Those who signed the letter have provided much needed leadership. They’ve not only condemned violence within the workers’ and wider progressive movement, they’ve also made that condemnation more meaningful by saying who carried out the attacks.

However, a week later the Socialist Party website published an angry response from three party members who hold leadership positions in Mark Serwotka’s union, the PCS (Public and Commercial Services Union). They argue that “the letter seems to do precisely the opposite to that alluded to in its title”.


The SP statement opposes political violence around the GRA in general terms, without saying who was actually being violent, or that the violence was carried out entirely from one side. Later it complains that the Morning Star letter is “listing only a series of incidents without any attempt to balance them… At no point does the letter acknowledge that, when it comes to violent and threatening behaviour, the vast majority of trans people are unquestionably the victims, not the perpetrators of this kind of behaviour.” In other words, the issue of violence as a political tool against progressive opponents is blurred with, and subordinated to, the issue of violence suffered by transgender people in the general population.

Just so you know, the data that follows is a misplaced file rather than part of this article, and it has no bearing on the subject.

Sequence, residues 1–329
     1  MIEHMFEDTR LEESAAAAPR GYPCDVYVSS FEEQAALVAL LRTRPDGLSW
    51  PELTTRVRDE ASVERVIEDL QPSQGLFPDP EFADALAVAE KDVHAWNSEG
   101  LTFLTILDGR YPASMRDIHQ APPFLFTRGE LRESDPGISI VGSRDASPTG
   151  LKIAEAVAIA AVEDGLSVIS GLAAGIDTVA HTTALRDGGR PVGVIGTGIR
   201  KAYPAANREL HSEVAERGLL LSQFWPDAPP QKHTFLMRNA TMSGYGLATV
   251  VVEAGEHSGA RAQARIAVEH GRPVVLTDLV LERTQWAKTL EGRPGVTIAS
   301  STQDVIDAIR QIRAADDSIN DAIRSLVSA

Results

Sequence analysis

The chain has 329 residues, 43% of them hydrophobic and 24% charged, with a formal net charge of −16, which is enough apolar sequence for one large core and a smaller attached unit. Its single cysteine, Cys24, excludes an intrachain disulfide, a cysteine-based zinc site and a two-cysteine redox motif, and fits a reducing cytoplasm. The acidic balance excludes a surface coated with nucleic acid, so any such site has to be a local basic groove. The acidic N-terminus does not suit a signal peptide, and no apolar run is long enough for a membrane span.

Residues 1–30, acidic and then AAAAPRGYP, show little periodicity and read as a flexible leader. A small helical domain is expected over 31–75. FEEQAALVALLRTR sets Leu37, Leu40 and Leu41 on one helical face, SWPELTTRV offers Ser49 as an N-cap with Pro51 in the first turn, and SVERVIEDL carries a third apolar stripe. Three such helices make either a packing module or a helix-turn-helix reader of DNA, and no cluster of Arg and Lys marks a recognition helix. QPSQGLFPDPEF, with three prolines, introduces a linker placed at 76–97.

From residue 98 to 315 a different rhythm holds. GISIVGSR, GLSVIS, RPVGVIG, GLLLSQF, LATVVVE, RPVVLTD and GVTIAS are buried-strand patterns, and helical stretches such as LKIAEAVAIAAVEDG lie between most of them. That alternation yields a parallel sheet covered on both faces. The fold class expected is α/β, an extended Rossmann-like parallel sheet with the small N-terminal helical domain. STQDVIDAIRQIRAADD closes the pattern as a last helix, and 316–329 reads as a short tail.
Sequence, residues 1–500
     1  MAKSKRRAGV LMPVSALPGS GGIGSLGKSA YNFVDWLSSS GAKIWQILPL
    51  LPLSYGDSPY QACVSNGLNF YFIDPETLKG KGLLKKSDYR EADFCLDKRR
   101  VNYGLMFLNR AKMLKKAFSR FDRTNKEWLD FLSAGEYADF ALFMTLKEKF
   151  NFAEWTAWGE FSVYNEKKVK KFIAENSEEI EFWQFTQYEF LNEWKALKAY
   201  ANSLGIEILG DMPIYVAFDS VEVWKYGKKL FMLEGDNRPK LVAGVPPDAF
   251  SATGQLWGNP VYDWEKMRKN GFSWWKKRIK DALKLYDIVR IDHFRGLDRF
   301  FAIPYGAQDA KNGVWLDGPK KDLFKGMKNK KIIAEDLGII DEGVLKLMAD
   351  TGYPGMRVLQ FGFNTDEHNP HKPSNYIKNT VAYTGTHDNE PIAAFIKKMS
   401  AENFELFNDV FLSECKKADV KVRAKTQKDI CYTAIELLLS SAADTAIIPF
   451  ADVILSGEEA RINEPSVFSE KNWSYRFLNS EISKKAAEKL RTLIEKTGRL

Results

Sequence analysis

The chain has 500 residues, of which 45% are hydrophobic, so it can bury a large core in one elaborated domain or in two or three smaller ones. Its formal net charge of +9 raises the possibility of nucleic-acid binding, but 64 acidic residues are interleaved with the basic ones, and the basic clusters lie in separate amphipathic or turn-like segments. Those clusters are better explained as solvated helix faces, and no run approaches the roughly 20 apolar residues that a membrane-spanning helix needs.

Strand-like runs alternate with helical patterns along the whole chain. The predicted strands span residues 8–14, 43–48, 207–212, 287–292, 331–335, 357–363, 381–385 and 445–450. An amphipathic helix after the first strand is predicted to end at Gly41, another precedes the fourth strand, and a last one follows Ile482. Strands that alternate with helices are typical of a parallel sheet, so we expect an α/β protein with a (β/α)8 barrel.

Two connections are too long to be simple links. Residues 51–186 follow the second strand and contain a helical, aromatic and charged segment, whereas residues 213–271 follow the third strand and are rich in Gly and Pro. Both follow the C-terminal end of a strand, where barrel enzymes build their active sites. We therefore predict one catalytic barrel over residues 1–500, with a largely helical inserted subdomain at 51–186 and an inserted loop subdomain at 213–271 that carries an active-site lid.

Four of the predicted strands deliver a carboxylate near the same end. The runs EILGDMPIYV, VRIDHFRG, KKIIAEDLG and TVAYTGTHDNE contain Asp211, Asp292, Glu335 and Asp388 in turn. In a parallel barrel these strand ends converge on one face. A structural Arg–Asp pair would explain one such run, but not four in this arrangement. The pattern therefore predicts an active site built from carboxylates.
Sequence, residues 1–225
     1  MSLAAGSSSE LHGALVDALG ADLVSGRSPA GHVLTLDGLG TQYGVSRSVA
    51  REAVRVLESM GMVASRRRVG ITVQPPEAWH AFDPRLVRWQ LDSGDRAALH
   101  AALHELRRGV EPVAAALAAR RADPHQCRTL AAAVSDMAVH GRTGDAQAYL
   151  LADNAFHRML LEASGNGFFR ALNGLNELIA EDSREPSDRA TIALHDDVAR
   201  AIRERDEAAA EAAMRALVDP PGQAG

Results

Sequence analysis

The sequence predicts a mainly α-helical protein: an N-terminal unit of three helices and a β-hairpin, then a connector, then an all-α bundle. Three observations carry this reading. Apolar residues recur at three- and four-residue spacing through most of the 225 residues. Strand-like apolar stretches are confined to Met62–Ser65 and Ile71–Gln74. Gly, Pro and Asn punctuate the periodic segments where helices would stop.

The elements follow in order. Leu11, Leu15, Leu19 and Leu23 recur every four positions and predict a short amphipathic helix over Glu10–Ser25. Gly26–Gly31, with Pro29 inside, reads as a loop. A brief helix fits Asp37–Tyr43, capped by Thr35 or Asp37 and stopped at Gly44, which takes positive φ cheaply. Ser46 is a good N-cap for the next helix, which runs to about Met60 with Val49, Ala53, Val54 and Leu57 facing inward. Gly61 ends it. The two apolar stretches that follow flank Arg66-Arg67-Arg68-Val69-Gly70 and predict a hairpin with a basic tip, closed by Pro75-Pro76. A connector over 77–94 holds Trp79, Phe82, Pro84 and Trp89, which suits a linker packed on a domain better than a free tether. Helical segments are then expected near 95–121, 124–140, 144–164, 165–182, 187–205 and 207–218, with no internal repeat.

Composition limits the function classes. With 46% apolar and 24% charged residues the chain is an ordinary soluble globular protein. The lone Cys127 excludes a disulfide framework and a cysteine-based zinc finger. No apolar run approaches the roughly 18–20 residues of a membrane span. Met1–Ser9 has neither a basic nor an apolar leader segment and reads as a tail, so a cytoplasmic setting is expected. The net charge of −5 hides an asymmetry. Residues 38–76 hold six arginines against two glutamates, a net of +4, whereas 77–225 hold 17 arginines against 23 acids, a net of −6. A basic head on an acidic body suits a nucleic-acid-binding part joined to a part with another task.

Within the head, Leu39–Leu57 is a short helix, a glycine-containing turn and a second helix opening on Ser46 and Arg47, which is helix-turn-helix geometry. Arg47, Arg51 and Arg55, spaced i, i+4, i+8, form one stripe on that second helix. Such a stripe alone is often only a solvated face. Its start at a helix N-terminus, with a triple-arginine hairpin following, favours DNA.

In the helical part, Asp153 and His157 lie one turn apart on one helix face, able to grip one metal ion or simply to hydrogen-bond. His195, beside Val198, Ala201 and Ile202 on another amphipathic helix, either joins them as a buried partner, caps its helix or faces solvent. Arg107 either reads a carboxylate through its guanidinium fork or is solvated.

Trans people certainly suffer from discrimination, ranging from vile personal put-downs through to beatings and murder (stemming from their defiance of the most traditional form of sex stereotyping, based on the view that sex of birth should naturally produce feminine behaviour in females and masculinity in males). In this respect they are similar to most if not all oppressed groups, including women (and as the SP statement says, it’s unhelpful to have “different interest groups competing for who is ‘most oppressed'”)But only transgender suffering is routinely used as a manipulative device to silence debate.